The CLEAN… Continue reading

The Impact of Climate Geoengineering on Crop Yields

In the face of several studies in recent years that have concluded that solar radiation management (SRM) geoengineering approaches might pose risks to food security, primarily by altering precipitation patterns, a new study in Nature Climate Change (J. Pongratz, Crop Yields in a Geoengineered Climate, Natural Climate Change, online, Jan. 22, 2012) seeks to assess the impacts of SRM on maize, wheat and rice production and yields. The study… Continue reading

Economic Implications of Greenhouse Gases Under the Clean Air Act

While there have been a large number of analyses of the potential ramifications of regulation of greenhouse gas emissions under the U.S. Clean Air Act (CAA), very few have assessed the potential economic impacts. A recent piece in the journal Review of Environmental Economics & Policy does just this, and also compares economic impacts vis-a-vis legislative alternatives.  The article also discusses options to increase compliance flexibility, thereby potentially maximizing… Continue reading

DISCCRS Program Symposium

DISCCRS VII Interdisciplinary Climate Change Research Symposium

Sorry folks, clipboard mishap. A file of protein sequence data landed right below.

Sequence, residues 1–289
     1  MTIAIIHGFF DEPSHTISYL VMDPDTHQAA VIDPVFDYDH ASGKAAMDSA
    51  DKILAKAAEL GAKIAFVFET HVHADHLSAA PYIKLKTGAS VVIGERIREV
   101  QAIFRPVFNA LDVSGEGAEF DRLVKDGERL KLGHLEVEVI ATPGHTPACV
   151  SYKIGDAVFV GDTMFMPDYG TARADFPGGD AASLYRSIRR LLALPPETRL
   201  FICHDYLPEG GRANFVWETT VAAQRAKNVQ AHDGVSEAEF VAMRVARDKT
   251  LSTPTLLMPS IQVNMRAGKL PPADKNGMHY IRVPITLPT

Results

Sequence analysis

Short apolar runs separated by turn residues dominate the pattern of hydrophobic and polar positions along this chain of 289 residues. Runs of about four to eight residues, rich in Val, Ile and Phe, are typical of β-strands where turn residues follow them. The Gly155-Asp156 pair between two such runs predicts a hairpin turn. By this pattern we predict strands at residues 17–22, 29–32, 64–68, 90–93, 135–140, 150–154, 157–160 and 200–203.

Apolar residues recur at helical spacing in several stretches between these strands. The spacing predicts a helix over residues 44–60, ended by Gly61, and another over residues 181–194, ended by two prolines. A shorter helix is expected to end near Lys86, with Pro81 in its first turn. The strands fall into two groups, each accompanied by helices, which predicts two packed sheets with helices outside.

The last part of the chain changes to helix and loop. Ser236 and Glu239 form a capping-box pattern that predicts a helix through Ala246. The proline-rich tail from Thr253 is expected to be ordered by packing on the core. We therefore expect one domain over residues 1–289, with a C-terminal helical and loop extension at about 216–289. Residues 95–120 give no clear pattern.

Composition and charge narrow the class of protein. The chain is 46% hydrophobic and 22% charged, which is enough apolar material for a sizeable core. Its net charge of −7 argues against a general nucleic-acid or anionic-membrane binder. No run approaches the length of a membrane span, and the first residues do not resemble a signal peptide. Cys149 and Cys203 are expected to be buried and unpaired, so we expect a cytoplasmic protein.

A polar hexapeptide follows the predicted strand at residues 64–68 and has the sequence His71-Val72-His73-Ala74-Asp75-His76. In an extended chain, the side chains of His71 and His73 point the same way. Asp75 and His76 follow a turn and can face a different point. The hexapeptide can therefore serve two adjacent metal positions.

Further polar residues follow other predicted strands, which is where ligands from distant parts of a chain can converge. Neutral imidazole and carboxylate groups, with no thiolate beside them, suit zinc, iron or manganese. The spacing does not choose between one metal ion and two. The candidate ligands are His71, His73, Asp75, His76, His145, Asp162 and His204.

Dates: October 13-20, 2012

Location: La Foret Conference and Retreat Center
Colorado Springs, CO

Application Deadline: February 29, 2012
Participation limited to 30 early-career Ph.D. scholars
Airfare and on-site expenses are supported through grants from NSF and NASA

Ph.D. requirements completed between August 1, 2009 – February 29, 2012 in any natural or… Continue reading

Mock U.S. Supreme Court argument on climate change liability: Videofeed

The University of Houston Law Center is hosting a mock U.S. Supreme Court argument on climate change tort liability at the University of Houston Law Center on Jan. 19, 2012. The bench includes John Cruden, Ken Starr and former Texas Supreme Court Judge Tom Phillips.  Rick Faulk and David Axelrad will present the arguments, and we’ll then have an extended analysis and discussion with student input afterward.

The event… Continue reading

Scholarships for MSc in Climate Change and Development at University of Sussex, UK

The University of Sussex would like to invite applications for the MSc in ‘Climate Change and Development’ for entry in September 2012. Scholarship information is provided below.


This is a unique course that aims to provide state-of-the-art training for the rapidly expanding market for development professionals with specialisation in climate change.  The programme is strongly multidisciplinary. Students will acquire specialist knowledge of the causes and consequences of… Continue reading

Climate 101 Now Available

Almost 3000 non-science major undergraduates at the University of Chicago have taken PHSC13400, Global Warming: Understanding the Forecast, since Ray Pierrehumbert and I (David Archer) first developed it back in 1995.  The class is now available online,  Open Climate 101. The course is free, and one can obtain a certificate after completion of the course if one obtains a sufficiently high score on an online examination… Continue reading